5 of Our Favourite Google AI Experiments

Nico Lourens

Artificial Intelligence has been a hot topic over the past few years with many fearful of a machine uprising, but also many excited at the thought of machines influencing their lives for the better.

Experiments with Google is a showcase of the world's most creative coding experiments. This showcase includes an AI collection where a bunch of weird and fun experiments involving machine learning can be found. Below is a list of our favorite Google AI Experiments, in no particular order.

Let us know what your favorites are and what ways you can think of using these experiments in the comments below this article.

1. Teachable Machine

This experiment is as simple as they get. It uses your webcam and internet browser to teach a program to react to certain gestures. Want the program to show you a cat gif when you wave your hand? You can! Want the program to say "sorry master" when you make an angry face? You can! There are surely enough possibilities to keep anyone engaged for hours.

The main focus of this experiment is, of course, to teach users the basics of how machine learning works. This makes it a very unique and simple experiment to share with children when they start learning about programming.

It is built using a library called tensorflow.js, which is available for download and can easily be dissected by any web developer who wants to learn more.

Launch Experiment  |  Get The Code

advertisement

2. Quick, Draw!

A brilliant example of how you can use machine learning in fun ways! This experiment allows the user to draw any type of shape and the program then tries to work out what is being drawn. If the user tries to trick the program by drawing something in an odd way it not only becomes a fun game, but the program then learns more about how humans draw objects. So the more it is played with the more it learns!

This experiment uses the same technology used in handwriting recognition software and is run directly in your internet browser. Unfortunately, no code is available to download and tinker with.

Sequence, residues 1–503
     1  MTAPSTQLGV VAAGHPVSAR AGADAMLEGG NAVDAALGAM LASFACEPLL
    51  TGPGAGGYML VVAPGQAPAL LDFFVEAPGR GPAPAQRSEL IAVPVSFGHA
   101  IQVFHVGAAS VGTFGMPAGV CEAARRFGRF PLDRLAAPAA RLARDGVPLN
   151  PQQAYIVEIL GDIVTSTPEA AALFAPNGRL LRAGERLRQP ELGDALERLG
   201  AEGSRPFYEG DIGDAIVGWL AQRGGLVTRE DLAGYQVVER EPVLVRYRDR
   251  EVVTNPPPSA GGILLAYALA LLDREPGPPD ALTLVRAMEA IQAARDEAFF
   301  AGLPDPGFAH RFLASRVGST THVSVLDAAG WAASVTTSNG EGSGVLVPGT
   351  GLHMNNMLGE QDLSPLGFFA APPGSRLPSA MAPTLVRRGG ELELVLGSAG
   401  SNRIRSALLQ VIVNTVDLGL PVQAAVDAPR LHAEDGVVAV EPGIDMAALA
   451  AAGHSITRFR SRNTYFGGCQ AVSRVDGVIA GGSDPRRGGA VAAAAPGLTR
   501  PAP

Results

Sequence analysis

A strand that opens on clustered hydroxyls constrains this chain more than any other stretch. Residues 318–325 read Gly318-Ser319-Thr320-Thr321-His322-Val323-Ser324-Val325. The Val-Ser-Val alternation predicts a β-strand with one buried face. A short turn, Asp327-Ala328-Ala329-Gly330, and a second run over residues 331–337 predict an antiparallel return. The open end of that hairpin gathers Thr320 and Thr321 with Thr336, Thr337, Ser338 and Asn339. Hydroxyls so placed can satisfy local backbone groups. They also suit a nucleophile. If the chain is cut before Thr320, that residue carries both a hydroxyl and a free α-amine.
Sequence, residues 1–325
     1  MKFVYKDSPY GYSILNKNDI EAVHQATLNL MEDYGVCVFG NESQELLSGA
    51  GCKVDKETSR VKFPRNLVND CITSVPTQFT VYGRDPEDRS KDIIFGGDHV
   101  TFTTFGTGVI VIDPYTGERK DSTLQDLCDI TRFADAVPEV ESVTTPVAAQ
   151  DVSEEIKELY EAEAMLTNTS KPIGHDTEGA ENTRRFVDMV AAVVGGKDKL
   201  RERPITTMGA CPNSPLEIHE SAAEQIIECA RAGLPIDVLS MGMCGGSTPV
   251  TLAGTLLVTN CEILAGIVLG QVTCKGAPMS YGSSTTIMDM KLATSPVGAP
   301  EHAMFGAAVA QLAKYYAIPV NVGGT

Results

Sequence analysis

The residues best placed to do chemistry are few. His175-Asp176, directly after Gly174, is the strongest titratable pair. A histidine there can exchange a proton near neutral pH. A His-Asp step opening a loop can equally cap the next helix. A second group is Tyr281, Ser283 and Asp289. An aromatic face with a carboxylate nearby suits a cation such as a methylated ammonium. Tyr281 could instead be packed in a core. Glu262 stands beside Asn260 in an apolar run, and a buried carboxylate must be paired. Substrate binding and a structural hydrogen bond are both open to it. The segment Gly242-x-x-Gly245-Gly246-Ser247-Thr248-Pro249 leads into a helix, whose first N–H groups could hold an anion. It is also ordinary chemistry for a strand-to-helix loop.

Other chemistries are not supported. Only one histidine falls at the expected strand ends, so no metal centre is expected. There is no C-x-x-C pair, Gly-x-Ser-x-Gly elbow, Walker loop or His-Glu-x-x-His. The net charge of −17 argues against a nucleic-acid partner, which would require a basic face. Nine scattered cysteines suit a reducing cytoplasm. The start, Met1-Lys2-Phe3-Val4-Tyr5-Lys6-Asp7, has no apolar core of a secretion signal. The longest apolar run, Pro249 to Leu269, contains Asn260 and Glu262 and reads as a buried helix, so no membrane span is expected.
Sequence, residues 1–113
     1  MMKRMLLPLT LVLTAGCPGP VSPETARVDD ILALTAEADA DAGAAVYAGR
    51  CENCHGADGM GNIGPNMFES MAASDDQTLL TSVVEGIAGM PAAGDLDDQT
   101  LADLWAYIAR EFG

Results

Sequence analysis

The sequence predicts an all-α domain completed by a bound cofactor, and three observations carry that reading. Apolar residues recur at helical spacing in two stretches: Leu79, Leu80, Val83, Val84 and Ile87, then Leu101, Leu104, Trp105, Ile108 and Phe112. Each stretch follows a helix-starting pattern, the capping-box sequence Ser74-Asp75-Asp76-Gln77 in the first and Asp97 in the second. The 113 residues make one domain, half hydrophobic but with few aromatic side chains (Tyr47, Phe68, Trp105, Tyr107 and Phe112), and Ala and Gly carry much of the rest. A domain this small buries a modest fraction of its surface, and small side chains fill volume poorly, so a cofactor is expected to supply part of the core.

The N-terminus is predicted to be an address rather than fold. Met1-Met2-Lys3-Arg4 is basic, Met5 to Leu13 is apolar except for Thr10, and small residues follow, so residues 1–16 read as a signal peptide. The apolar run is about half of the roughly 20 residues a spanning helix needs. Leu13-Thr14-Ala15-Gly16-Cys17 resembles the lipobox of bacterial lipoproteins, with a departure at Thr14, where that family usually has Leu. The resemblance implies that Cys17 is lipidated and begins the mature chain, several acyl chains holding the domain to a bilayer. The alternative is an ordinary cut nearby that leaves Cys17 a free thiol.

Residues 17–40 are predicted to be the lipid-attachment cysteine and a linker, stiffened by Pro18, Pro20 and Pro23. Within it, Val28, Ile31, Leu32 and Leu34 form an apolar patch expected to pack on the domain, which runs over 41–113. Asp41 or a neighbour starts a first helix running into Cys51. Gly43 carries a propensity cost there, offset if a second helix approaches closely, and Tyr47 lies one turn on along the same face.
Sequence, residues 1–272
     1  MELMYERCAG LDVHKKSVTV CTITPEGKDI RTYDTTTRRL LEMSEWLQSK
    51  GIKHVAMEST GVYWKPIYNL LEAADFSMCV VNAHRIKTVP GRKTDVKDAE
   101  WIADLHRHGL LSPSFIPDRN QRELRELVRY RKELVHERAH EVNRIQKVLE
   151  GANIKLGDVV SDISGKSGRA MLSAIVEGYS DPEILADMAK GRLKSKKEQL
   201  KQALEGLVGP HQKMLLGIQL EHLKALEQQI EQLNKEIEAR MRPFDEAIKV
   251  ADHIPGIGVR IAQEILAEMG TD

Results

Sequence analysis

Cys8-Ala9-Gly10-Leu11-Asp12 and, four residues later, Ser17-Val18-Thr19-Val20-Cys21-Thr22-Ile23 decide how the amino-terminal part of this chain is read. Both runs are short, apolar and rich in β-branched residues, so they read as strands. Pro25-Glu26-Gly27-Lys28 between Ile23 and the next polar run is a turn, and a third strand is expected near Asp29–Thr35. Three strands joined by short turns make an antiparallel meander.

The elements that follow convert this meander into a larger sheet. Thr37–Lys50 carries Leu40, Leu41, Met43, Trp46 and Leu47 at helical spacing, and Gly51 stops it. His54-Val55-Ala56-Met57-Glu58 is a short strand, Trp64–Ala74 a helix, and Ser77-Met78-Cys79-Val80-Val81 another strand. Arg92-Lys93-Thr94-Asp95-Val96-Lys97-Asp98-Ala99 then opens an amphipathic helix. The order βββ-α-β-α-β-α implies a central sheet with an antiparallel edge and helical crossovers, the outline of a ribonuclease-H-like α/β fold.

Launch Experiment

3. The Infinite Drum Machine

Coding meets music. This experiment uses machine learning to organize sounds based on nothing other than what they sound like. Using a technique called t-SNE sounds are organized and then displayed in "neighborhoods" of similar sounds. The user is then allowed to scroll through and build beats with the displayed sounds.

The available sounds range from every-day objects, like a plunger or paper cutter, to animals sounds, like a walrus or buffalo, and then, of course, also musical instruments like drums and bells. The possibilities are endless when building beats with combinations of these.

Whether you're a coding enthusiast, musician or simply a curious individual, you'll have hours of fun playing around with this experiment.

Launch Experiment  |  Get The Code

advertisement

4. Thing Translator

Another example of how machine learning code can be used in very simple ways in order to solve problems and improve lives. This experiment lets you point your phone camera or webcam at an object and then hear how to say it in different languages.

It uses two of Google's existing APIs, Cloud Vision and Translate API. Basically, the image your camera captures is sent to the Cloud Vision API to be identified. A list of labels is returned with "confidence scores" for each label. The label with the highest score is sent to the Translate API to be translated. Genius!

The code is available for download and I'm sure our readers can think of hundreds of ways to use this experiment.

Launch Experiment  |  Get The Code

5. Move Mirror

Machines learning how humans move - This experiment uses your webcam to analyze your body's position in real-time and then matches it with an image of someone in the same position, continuously. The flipbook-like display of images can then be recorded and saved as a gif. A very neat and unique way to create a gif of a series of human gestures. Also, a great way to explore a database of over 80,000 pictures of different human poses.

This experiment is made possible by PoseNet, Google's state-of-the-art pose estimation model. PoseNet provides very accurate pose data from images even if those images are of low quality.

Again there are endless possibilities to how this technology can and will be used in the future. We're certainly very excited!

Launch Experiment  |  Get The Code

advertisement

Conclusion

The people here at Namhost are very passionate about the future, especially when it comes to coding and the advancement of technology. We find these experiments to be super fun and informative and we cannot wait to see what they come up with next. Maybe even our own developers have an experiment or two up their sleeve for the future...

Let us know in the comments below what your favorite Google AI Experiments are and what ways you can think of using them.

About the Author
Nico Lourens
Nico Lourens
Namhost's design guy. Nico focuses his efforts toward visual representation when it comes to client's or Namhost's own projects. With many years of experience in various graphic design applications as well as being an expert in CSS, Nico is able to make anything on-screen and printed look and feel good. Not only can he design visually appealing websites, brochures, applications, etc, but he can also make sure these visuals stimulate conversions.